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CBA head of Australian economics Gareth Aird. Source: Commonwealth Bank of Australia.
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  • The Commonwealth Bank of Australia predicts an orderly correction in home prices of around 10 per cent in 2023 as the RBA takes the cash rate to 1.25 per cent by Q3 2023
  • CBA estimates national housing prices to peak in late 2022, roughly 7 per cent higher than end-2021 levels
  • Central to the forecast is the Reserve Bank of Australia gradually taking the cash rate to 1.25 per cent by Q3 2032
  • The rate and magnitude with which the RBA raises the cash rate will have a substantial impact on the extent to which prices adjust lower, CBA’s Gareth Aird says

The Australian property market is nearing the end of an amazing boom fuelled by record-low mortgage rates, with the Commonwealth Bank of Australia (CBA) predicting additional expansion before a correction in 2023.

CBA Head of Australian Economics Gareth Aird said interest rates become a headwind on property prices if they are rising, and it is this situation the bank believes the country will be heading to in the next two years.

The Reserve Bank of Australia (RBA) has kept interest rates at a record low of 0.1 per cent, while still holding onto its central scenario that it will not increase the cash rate until 2024.

Many believe the bank will be forced to raise the interest rate sooner, with CBA expecting the rate to rise in late 2022.

“Dwelling prices nationally will end 2021 up by ~22% and very much in line with our call for a 20% increase in early August,” Mr Aird said.

“From there we expect prices to continue to rise through the first half of 2022, but at a more modest pace. We look for prices to peak in late 2022 around 7% higher than end-2021 levels. We then expect an orderly correction in dwelling prices of 10% in 2023.”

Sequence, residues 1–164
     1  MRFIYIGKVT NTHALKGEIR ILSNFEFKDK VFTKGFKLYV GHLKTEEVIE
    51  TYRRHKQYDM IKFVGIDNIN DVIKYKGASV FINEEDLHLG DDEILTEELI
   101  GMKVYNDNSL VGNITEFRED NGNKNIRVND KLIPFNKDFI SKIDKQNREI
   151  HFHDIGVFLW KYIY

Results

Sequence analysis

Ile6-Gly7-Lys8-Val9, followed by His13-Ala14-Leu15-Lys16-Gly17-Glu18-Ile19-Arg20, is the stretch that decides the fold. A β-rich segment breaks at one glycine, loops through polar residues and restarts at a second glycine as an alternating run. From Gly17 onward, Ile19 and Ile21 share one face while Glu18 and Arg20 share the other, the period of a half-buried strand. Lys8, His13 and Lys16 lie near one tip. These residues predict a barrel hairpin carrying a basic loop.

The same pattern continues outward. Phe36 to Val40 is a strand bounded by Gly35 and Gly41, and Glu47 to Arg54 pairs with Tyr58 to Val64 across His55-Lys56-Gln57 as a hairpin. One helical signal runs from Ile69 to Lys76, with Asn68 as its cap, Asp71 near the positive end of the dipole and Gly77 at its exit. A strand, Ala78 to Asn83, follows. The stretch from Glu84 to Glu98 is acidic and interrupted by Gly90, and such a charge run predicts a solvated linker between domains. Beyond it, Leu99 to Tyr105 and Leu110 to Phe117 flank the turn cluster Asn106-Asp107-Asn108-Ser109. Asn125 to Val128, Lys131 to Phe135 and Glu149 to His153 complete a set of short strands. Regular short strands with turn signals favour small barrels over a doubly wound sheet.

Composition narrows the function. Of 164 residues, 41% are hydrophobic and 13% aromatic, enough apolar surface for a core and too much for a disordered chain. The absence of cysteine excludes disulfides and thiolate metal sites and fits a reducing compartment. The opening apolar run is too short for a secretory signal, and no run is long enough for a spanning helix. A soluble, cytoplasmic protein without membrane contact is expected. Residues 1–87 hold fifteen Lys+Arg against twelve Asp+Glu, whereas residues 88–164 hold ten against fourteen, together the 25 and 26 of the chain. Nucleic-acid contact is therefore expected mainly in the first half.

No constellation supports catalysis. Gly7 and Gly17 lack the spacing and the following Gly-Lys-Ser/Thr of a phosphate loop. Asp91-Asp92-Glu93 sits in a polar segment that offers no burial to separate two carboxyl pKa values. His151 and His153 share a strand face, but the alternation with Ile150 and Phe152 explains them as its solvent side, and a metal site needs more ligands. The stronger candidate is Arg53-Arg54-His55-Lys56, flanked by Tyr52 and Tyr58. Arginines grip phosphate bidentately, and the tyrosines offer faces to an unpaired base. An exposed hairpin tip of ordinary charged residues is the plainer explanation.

Central to the forecast is the RBA gradually taking the cash rate to 1.25 per cent by Q3 2032.

Nationally, house values have increased by 21.6 per cent in the year to October, with half of the capitals enjoying annual growth rates of more than 20 per cent.

“A cooling market is not the same thing as a falling market,” Mr Aird said.

“Prices are still rising at a reasonable pace. And near term momentum indicators like auction clearance rates and the house price expectations index from the WBC/MI Consumer Sentiment survey, which feed into our proprietary dwelling price model, point to home prices continuing to rise at a softening pace which now sits at around 1% per month.”

The rate and magnitude with which the RBA raises the cash rate will have a substantial impact on the extent to which prices adjust lower, Mr Aird said.

“If the RBA tightens policy more aggresively and/or earlier than our forecast profile for the cash rate we would expect dwelling prices to fall by more than our central scenario,” he said.

“Equally, if the RBA tightens policy later than we anticipate or delivers a more shallow tightening cycle we would expect a smaller decline in home prices in 2023.”

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